Boss at B&Q group sees pay jump to £1.8m despite tumbling profits
Veronique Laury’s overall pay rose 11% thanks to a £30,800 salary hike, £522,000 annual cash award and £333,700 in long-term bonus shares.
The outgoing boss of B&Q owner Kingfisher has seen her total pay package swell to £1.8 million thanks to a hefty salary hike and bonus awards despite plunging profits.
Kingfisher’s annual report revealed that chief executive Veronique Laury’s overall pay rose 11% in the year to January 31 thanks to a £30,800 salary hike, £522,000 annual cash award and £333,700 in long-term bonus shares.
This comes despite a painful set of full-year figures in March revealed a 52.8% plunge in annual pre-tax profits to £322 million, when the group also revealed it was kicking off the search for Ms Laury’s successor.
Kingfisher has not yet set a departure date for its under-fire chief executive, who will remain in post until a successor is appointed.
The annual report showed Ms Laury’s salary was hiked by 4% to £800,900, while chief financial officer Karen Witts received a 5% pay rise to £615,800.
Kingfisher’s remuneration committee said the salary hike was in line with a previously disclosed aim to “move the salary of the CEO toward the market median”.
It added that the decision also followed “continued strong performance from both the CEO and CFO, and delivery of transformation objectives”.
The committee also said it awarded 82% of the maximum annual bonus payable in view of the “performance against the strategic milestones as set out above and a holistic view of business performance”.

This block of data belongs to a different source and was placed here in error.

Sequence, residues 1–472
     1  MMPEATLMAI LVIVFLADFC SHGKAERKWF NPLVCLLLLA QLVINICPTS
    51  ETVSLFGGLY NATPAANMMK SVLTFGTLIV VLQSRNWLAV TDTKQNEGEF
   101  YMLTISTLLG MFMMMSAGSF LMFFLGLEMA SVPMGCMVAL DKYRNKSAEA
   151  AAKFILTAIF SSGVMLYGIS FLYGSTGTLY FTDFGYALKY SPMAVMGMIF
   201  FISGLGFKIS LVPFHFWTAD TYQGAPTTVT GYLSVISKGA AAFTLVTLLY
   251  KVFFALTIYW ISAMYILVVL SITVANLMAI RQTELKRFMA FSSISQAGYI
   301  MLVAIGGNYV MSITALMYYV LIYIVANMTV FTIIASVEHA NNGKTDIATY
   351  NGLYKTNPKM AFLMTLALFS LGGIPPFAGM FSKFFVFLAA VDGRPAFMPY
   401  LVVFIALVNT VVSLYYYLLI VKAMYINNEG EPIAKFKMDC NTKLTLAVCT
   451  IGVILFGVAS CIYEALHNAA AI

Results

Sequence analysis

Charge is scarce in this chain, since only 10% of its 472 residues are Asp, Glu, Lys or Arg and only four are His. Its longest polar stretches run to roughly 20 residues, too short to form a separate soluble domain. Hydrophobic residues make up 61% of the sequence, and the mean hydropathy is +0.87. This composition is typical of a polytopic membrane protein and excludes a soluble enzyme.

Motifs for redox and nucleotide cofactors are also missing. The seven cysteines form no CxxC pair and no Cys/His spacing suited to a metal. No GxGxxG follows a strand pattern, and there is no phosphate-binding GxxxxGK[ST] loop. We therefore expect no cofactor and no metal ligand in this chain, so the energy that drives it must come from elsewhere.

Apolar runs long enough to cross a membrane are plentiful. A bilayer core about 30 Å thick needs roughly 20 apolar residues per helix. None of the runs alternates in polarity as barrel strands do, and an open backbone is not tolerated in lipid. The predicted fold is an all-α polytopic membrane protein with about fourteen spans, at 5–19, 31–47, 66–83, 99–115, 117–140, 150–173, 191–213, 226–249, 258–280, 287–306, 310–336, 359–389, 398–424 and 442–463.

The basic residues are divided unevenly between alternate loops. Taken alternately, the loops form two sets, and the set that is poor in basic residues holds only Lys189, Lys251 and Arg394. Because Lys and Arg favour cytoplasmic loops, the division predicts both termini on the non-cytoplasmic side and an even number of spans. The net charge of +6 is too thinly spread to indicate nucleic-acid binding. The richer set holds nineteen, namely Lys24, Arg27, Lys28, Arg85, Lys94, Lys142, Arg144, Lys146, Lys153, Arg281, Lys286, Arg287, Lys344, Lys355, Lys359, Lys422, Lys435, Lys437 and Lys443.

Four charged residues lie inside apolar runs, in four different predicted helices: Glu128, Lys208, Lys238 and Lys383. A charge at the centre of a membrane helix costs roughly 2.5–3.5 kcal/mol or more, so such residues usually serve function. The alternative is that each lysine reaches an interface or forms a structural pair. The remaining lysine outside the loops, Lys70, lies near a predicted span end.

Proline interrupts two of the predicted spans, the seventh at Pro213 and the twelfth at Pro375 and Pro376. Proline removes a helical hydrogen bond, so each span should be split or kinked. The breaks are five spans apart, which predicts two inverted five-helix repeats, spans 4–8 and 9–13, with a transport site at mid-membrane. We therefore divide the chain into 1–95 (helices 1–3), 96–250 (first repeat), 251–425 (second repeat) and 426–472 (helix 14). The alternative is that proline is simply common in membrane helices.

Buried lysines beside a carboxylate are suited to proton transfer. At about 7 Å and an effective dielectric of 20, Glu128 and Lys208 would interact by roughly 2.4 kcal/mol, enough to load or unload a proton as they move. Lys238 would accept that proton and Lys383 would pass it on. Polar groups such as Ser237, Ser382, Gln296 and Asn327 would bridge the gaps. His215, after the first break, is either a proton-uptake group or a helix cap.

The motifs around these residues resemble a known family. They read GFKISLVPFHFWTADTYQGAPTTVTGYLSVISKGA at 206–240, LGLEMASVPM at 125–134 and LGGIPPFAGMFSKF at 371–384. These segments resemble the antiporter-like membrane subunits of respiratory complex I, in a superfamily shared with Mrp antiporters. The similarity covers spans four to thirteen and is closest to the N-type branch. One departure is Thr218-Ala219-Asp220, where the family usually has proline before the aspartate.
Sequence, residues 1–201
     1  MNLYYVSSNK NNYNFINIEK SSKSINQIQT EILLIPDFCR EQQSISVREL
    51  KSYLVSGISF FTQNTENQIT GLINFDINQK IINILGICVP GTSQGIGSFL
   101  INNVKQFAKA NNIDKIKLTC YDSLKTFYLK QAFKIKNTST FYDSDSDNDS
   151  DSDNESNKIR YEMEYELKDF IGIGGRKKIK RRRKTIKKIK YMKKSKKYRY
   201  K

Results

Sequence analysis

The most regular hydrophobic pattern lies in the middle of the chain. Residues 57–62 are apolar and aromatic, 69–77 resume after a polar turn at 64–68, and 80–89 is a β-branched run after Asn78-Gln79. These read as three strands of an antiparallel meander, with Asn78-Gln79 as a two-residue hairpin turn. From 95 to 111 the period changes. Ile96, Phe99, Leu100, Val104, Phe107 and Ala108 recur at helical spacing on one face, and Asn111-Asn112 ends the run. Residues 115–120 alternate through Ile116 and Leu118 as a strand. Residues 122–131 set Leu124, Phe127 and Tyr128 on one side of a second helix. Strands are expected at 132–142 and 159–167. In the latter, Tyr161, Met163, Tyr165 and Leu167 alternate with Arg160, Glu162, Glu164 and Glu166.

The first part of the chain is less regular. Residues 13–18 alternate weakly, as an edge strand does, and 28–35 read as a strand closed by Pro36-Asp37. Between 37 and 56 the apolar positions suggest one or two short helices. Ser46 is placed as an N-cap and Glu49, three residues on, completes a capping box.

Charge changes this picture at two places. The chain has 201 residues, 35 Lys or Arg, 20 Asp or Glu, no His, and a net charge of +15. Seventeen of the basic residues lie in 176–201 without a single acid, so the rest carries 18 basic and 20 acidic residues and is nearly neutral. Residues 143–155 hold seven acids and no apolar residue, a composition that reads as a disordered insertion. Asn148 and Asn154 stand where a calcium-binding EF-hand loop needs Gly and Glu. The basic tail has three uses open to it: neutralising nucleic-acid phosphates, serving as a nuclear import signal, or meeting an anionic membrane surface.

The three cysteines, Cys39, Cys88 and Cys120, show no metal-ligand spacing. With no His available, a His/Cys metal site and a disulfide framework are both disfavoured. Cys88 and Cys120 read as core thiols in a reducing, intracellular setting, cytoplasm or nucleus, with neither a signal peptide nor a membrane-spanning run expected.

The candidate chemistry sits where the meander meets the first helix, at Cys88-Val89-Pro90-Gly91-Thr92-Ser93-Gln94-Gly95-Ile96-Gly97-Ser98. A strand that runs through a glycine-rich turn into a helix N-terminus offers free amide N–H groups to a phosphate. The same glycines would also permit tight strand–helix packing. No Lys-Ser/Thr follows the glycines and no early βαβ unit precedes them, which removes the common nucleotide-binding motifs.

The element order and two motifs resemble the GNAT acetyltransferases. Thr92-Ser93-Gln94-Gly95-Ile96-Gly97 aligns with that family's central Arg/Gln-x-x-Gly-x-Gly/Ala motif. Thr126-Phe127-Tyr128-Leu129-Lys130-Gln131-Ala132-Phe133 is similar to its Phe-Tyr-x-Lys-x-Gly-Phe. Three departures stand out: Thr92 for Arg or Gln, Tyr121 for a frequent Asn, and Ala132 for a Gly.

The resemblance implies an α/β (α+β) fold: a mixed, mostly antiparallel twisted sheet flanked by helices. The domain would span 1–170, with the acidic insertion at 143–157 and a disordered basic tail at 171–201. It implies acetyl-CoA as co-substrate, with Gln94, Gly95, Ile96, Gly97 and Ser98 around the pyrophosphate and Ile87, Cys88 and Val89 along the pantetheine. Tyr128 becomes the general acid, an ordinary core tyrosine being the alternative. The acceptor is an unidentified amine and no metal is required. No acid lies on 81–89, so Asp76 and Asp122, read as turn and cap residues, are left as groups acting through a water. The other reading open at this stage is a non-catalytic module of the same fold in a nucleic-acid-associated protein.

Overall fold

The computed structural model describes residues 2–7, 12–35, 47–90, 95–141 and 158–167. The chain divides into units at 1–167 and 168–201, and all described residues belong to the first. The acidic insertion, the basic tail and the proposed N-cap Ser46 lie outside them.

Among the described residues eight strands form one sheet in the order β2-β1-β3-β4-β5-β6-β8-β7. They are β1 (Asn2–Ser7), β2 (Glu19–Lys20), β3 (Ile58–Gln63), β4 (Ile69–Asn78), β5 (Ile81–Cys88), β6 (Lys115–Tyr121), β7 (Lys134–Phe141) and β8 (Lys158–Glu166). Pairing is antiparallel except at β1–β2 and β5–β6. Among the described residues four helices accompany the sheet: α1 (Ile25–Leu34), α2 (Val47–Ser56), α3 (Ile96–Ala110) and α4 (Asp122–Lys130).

But it comes as Ms Laury has faced increasing pressure after the group has suffered declining profits and sales despite her efforts under a five-year transformation plan launched in 2016.
The group’s recent full-year results showed B&Q sales dropped 3% on a like-for-like basis over the year, while Screwfix remained the star performer with a 4.1% rise in comparable sales.
The group also signalled it was moving away from its original plans for its overhaul to give a £500 million financial boost, as it said trading had been far tougher than it imagined.
It added it was considering axing another 15 stores group-wide over the next two years, on top of plans to shut all 19 Screwfix outlets in Germany, leaving it with just an online presence for the brand in that country.
B&Q’s turnaround has already seen Kingfisher shut 65 shops and slash around 3,000 jobs in the UK and Ireland.
It has also been shaking up its ranges and improving its online offering, while the group announced it was investing £100 million as part of plans to lower everyday prices.
Kingfisher has nearly 24,600 staff in the UK and Ireland and more than 61,500 overall.